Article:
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Issue 22

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Varying Menus: The Advent of Modified Fast Food

Dorothea Baerthlein from Germany


Dorothea Baerthlein tries some fast food.
Photo:
Winfried Baerthlein
As life becomes more hectic, time to cook and eat lunch or dinner leisurely in a traditional way seems to be rare. Does that mean hamburgers and fried chicken have to be consumed all over the world?

 

Kimchiburger, riceburger, (Unfortunately, I have not yet found a Bratwurstburger.) —new ways to create fast food?

The American idea of fast food restaurants has been successfully adopted around the globe. As life becomes more hectic, time to cook and eat lunch or dinner leisurely in a traditional way seems to be rare.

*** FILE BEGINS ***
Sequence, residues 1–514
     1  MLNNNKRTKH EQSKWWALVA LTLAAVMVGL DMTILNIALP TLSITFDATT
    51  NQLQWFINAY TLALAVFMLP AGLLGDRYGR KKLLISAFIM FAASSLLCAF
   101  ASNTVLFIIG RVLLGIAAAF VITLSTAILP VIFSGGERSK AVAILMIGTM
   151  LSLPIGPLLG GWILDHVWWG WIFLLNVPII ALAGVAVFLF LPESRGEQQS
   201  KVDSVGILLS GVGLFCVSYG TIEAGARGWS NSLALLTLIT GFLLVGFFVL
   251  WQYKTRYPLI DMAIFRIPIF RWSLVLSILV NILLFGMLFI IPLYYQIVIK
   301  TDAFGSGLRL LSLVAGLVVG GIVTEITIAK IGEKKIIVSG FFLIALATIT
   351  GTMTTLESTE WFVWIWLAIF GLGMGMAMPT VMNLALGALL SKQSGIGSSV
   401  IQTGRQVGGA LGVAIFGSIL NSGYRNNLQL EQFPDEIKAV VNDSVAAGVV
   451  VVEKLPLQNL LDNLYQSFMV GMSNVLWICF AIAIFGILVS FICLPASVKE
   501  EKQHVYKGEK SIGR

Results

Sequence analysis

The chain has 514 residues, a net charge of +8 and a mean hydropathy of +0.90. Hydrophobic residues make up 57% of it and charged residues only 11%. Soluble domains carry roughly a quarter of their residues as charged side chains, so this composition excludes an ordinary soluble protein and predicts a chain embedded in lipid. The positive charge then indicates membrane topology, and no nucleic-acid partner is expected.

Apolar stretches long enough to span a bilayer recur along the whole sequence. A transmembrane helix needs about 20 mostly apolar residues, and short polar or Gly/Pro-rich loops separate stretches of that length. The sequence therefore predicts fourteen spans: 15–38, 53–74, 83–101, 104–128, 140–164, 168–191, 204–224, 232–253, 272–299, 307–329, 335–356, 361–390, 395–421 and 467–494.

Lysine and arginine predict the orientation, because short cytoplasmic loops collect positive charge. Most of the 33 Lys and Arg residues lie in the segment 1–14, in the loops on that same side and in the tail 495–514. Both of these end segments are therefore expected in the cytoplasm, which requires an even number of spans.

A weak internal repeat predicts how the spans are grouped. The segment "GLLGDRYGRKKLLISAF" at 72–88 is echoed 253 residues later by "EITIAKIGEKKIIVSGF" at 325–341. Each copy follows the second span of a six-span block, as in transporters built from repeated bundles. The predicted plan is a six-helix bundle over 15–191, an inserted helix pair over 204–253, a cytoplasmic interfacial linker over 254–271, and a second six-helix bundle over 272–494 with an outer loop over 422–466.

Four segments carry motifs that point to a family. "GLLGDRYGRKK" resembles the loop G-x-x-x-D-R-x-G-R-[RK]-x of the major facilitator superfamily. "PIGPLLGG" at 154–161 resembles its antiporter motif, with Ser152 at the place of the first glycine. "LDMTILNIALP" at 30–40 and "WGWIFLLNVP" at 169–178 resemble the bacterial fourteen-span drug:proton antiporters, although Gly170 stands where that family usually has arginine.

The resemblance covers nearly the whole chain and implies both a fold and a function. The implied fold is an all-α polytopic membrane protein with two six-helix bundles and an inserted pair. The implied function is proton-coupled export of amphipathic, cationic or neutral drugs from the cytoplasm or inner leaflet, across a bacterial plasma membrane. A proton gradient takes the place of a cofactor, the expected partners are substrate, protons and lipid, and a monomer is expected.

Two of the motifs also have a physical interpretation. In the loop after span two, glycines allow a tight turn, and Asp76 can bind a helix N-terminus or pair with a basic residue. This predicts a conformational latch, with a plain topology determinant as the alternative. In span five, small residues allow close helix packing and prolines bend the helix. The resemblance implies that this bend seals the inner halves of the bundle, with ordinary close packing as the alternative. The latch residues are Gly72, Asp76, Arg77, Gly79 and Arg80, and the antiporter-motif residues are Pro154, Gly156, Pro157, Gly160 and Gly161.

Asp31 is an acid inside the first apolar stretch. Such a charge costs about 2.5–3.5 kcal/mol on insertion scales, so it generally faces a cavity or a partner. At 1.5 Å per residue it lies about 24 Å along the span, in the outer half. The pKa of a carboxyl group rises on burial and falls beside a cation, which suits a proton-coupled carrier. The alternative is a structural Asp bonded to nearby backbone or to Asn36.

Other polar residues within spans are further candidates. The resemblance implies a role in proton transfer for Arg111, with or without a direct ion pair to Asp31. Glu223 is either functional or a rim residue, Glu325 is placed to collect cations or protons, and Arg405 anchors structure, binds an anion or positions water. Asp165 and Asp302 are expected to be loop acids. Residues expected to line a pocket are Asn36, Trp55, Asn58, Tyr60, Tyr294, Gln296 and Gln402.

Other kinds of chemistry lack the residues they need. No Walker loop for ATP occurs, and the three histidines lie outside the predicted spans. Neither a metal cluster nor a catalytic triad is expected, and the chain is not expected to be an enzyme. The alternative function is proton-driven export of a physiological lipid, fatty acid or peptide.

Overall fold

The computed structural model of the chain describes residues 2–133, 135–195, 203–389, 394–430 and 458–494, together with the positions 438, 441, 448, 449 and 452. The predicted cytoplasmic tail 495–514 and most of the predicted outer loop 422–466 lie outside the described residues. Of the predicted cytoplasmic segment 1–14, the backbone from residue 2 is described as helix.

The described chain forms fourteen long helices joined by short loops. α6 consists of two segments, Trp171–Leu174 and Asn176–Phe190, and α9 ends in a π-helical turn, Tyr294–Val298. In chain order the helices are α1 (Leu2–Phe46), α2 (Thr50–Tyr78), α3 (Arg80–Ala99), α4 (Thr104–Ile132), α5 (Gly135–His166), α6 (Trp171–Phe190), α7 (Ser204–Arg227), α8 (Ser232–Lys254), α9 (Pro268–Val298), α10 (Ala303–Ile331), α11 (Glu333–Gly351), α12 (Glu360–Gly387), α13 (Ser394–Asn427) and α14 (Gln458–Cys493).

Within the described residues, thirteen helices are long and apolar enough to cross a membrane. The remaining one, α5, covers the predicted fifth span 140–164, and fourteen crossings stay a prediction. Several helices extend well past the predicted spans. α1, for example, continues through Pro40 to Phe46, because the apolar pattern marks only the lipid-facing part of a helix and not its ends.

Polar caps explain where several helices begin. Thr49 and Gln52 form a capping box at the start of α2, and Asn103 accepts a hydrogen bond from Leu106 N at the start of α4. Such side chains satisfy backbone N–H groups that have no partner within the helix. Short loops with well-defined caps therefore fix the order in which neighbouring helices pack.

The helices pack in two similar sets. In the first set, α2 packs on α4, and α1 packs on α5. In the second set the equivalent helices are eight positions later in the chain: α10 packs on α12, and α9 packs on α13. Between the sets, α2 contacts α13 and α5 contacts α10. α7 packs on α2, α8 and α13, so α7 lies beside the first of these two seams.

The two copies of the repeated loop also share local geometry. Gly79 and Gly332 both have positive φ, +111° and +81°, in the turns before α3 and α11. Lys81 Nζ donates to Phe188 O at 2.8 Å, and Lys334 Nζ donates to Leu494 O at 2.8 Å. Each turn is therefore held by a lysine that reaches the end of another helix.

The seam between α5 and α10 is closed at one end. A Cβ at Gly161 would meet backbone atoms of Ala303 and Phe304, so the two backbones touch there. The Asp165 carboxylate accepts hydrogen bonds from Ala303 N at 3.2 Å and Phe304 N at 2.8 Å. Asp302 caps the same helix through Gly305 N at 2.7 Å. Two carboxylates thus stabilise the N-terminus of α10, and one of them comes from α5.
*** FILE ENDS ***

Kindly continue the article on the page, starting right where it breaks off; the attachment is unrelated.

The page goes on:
Does that mean hamburgers and fried chicken have to be consumed all over the world? Certainly not.

Fast food, modified to suit other cultural tastes, has already been introduced to some Asian countries. Koreans prefer to have a "kimchiburger" for lunch instead of a cheeseburger which doesn't satisfy their taste. Riceburgers are more accepted than french fries by Japanese people.

Many other countries will follow and create their own styles of fast food. The traditional German fast food "bratwurstbrotchen" does not need to be modified as it has remained a tradition for many, many years.

Offering fast food in varieties of cultural cooking traditions is a satisfying compromise. It keeps the heritage and considers the need for time-saving.


More on cooking and eating trends:
Avocado Rolls: A New Japanese Food? | In Japan, Men are Learning to Cook
In Korea, Both Men and Women are Cooking | People in Korea are Eating More Vegetables 

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